This development means that new All Kids clients won’t be getting any appointments at two of the best hospitals in the Midwest.
Pediatricians at a nationally recognized children’s hospital in St. Louis will schedule young Medicaid patients from Illinois “in the last available appointment” beginning Friday because the state is six months behind in making payments.
However, a spokeswoman for the Illinois Department of Healthcare and Family Services said that under a new policy, all doctors who treat Medicaid patients “will now receive payment for their services in no more than 60 days from the time bills are received by the state.”
The chairman and vice chairman of the pediatrics department of the School of Medicine at Washington University in St. Louis sent a letter to referring physicians that detailed the plan to delay appointments for new Illinois Medicaid patients. The medical school’s doctors are the exclusive staff for St. Louis Children’s Hospital, as well as for Barnes-Jewish Hospital in St. Louis. […]
“Currently, Illinois Medicaid physician reimbursement does not cover costs,” the letter states. “In addition, (the Illinois Department of Healthcare and Family Services) has not reimbursed any physician in the Department of Pediatrics in more than 200 days.” […]
An e-mailed statement from the medical school Wednesday said, “Unfortunately, over the last two years we have seen the lag time in reimbursement from Illinois Medicaid grow past 150 days, past 175 days, and after exceeding 200 days for several months, the lag time is currently at about 180 days.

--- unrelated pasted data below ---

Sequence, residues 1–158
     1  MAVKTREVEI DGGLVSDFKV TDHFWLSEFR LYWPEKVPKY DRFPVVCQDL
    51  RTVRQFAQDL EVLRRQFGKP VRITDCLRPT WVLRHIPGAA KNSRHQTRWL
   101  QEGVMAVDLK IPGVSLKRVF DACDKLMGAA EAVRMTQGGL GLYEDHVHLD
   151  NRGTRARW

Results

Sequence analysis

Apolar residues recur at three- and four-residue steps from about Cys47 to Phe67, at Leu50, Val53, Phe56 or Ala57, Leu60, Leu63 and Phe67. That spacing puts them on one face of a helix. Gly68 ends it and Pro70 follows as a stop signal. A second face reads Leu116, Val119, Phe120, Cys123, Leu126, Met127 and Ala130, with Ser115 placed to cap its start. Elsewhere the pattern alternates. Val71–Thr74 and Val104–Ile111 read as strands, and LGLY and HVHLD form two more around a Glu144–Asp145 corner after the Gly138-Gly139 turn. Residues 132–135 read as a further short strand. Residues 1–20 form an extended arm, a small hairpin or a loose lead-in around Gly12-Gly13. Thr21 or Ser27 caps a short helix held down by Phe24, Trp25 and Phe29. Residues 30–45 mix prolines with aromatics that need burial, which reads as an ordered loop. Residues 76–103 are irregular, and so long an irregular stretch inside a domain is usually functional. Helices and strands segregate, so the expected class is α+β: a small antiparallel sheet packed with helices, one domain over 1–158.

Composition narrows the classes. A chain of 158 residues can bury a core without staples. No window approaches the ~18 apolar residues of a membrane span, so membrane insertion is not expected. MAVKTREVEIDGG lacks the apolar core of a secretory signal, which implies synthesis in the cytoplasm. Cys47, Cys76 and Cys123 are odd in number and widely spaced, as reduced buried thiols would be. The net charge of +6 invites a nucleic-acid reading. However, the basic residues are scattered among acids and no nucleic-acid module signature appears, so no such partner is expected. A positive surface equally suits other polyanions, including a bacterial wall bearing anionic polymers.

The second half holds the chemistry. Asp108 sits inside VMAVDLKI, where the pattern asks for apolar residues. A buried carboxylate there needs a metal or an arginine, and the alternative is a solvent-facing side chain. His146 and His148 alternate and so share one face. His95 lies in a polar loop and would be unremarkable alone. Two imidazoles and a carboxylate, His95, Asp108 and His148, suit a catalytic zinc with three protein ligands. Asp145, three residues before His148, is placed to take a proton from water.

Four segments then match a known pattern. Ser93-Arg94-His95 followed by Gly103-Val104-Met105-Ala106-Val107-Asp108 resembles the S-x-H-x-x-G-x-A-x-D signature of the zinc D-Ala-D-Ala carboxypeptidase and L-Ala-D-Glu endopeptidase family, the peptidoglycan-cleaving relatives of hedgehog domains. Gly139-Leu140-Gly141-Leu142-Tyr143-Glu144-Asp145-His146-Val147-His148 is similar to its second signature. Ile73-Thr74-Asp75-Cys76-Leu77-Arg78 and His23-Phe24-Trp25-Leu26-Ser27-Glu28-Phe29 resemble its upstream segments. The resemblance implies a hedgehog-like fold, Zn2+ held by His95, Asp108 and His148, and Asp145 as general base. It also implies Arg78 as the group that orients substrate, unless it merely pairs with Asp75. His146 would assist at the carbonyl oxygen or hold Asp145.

“By contrast,” the statement continued, “Missouri Medicaid reimburses us on average in about 34 days, and Medicare reimburses us in about 25 days.”
UPDATE: The governor’s office responds. Via e-mail from a spokesperson:
First of all, this provider is NOT 200 days behind in getting paid.
They are being paid within 60 days if they’re docs covering adults and paid within 30 days if they treat kids. Here’s the problem with the situation laid out by the provider in today’s story: they’re counting Medicaid claims that are in DISPUTE with HFS — claims that have actually been PAID, but the provider feels that we didn’t pay them enough for the service they provided. So, this 200 day backlog in bills they’re claiming does not represent bills that are sitting at HFS going unpaid. They are claims already paid, but are in dispute because the provider wants us to pay more for the services they provided.
HFS has to follow federal guidelines to a “t” when processing claims for federal reimbursement. Every provider must demonstrate and document that the claims they’re submitting for reimbursement are medicaid-eligible. HFS will only reimburse for what is discerned as Medicaid-eligible services. Any provider can dispute claims that were rejected for reimbursement by HFS, but for the provider to characterize this situation as HFS being “behind” in making payments is very misleading. And, this group has been paid $2.7 million since the beginning of the current fiscal year.
HFS discovered what the specific situation was only after the SJR filed their story. Otherwise, HFS would have taken pains to describe the facts.